Oyster Stew

Oyster Stew

  • 2 tablespoons butter
  • 1/2 cup finely minced carrots
  • 1/2 cup finely minced celery
  • 1/2 cup finely minced shallots
  • 1 cup leeks, cut in to 1/2 inch rings, white part only
  • 1 cup white wine
  • 1 bay leaf
  • 2 tablespoons chopped Italian parsley
  • 2 tablespoons chopped chives
  • 2 cups whole milk
  • 1 cup heavy cream
  • 2 jars small or medium oysters, cut in half, drained. Save nectar for broth.

In a heavy bottomed pot, melt the butter and add the carrots, celery, and shallots. Cook on low, add the leeks, and cook for five or six minutes. Increase the heat and add the wine. Allow the wine to deglaze, then reduce the heat and add the herbs, oyster nectar, and milk. Reduce heat and cook for 20 minutes. Turn the heat off and hold until you are ready to serve. When ready to serve, bring to a simmer and add oysters, juice, and cream. Stir gently until properly heated through, season, and serve in warm bowls.

Shucked Oysters

    Mignonette Sauce:

  • 1/2 cup finely minced shallots
  • 1 tablespoon chives
  • 1 cup champagne or white wine vinegar
  • 1 teaspoon freshly ground black pepper
Combine all the ingredients and chill.

For shucking oysters, a shorter blade and wide-handle knife works really well with Olympias and other smaller oysters. Again, the winter months are best for eating oysters, but there are locations throughout the Northwest that grow oysters year round. The Washington State Department of Fish and Wildlife has an extensive webpage devoted to shellfish. There are countless videos on the internet for how to shuck an oyster, and like any skill, it takes time. The faster you are, the more oysters you get to eat! Shucked oysters are best small and plain or if you must, with a bit of fresh lemon, some mignonette, or a splash of hot sauce.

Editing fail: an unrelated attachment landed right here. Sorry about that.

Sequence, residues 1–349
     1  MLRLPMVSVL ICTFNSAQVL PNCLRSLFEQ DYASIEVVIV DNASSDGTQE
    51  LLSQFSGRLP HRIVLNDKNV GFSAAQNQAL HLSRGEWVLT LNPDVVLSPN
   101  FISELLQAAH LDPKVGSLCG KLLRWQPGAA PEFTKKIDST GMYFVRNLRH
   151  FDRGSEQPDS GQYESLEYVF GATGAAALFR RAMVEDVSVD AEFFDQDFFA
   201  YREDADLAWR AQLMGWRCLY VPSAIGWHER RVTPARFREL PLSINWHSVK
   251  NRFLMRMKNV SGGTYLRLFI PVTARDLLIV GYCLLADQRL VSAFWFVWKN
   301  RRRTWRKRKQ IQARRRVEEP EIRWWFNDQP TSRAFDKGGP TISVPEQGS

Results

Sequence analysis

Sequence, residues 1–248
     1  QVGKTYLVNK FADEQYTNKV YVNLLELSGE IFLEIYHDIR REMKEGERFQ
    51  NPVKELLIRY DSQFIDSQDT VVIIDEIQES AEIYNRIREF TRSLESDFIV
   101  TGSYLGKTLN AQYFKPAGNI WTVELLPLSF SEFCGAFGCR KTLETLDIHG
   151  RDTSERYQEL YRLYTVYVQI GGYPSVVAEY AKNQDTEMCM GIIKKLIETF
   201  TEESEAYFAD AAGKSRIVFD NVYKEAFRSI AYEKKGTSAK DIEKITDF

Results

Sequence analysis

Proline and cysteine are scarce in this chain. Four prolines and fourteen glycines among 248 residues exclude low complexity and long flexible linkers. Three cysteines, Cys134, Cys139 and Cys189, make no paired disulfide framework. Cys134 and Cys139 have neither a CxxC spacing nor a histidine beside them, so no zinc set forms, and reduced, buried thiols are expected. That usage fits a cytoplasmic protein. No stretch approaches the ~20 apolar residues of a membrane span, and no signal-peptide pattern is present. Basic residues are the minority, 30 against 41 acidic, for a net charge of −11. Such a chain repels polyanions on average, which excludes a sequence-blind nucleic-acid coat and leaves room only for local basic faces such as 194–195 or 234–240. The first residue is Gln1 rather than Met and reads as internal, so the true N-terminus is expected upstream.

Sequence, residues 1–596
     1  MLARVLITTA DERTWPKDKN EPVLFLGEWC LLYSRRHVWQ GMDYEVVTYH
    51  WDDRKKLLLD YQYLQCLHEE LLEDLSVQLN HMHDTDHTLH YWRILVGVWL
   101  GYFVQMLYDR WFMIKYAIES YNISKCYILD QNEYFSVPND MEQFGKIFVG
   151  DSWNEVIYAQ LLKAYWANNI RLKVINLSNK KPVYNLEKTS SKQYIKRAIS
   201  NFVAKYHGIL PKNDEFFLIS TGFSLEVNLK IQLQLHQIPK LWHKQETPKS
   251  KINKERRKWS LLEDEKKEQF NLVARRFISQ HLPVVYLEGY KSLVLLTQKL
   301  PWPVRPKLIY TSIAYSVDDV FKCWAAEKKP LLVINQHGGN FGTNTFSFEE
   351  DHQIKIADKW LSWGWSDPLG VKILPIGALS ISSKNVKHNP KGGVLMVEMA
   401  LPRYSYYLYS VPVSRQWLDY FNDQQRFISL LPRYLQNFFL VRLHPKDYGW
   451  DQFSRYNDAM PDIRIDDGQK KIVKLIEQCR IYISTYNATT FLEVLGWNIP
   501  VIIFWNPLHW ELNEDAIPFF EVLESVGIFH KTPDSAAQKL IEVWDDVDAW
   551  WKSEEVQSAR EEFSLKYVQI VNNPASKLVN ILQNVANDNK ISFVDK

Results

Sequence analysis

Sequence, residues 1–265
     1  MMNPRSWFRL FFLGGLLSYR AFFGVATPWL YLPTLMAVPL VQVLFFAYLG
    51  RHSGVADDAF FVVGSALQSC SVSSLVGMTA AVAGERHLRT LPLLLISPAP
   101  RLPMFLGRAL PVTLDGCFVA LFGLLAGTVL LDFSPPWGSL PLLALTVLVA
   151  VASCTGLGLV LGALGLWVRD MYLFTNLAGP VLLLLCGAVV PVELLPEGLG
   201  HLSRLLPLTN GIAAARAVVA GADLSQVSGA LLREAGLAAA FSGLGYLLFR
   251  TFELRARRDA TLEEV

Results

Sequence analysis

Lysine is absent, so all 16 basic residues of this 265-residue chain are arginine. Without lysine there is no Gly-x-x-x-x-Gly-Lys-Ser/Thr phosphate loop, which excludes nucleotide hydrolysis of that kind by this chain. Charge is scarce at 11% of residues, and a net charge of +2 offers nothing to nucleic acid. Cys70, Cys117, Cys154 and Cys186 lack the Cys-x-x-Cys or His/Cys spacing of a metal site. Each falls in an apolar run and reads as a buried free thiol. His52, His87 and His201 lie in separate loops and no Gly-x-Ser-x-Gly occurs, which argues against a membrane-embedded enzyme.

Shucked Oysters

Grilled Oysters

Grilled Oysters

For grilled oysters, build a hot fire, or heat your grill to 500 degrees. Choose 3-4 inch oysters, and use a thick kitchen hot pad or towel and tongs for pulling your oysters off the grill. Put the oysters on the grill with the flat side facing up. As the oyster grills and heats up, the top shell will pop open and the nectar in the belly will steam the oyster meat. You may need to grip the oyster, keeping it level to pry the top shell off. Eat the oyster off the grill, right out of the shell.

Pan Fried Oysters

  • Panko or your favorite brand of breadcrumbs
  • Egg wash of 1-2 eggs
  • Flour for dusting
  • 1 jar small oysters (1 jar serves 2-3 people)
  • Canola oil
  • Salt

Drain your jar of oysters in a mesh strainer, saving the nectar for stew, then lay them out on paper towels to dry more. Lightly sprinkle with flour and add to the egg wash coating them well. Then move the oysters to the breadcrumbs. Be gentle coating the oysters, so as to not damage the meat. Coat the oysters well and set them aside to fry. To fry the oysters, heat a flat fry pan on medium with an inch of oil in the pan. As the oil begins to shimmer and becomes hot, add the well-breaded oysters, making sure to keep the fry to a golden brown on each side. Remove to paper towels to dry, season with salt, and keep the pan hot as you add oysters. Leave space between the oysters as they cook. You are looking for golden brown on both sides. Remove to paper towels, season, and serve with remoulade sauce.

Remoulade Sauce

  • 1/2 cup mayonaise
  • Pinch of cayenne
  • Juice of 1 lemon
  • 1/2 cup celery, minced
  • 1 tablespoon capers, minced
  • 1 tablespoon cornichons, minced
  • Kosher salt and freshly ground black pepper, to taste
  • 2 tablespoons chopped parsley

In a small bowl blend mayonnaise with capers, cornichons, shallots, parsley, salt, and pepper. Blend, adjust the seasoning with lemon and cayenne, and serve chilled.

Pan Fried Oysters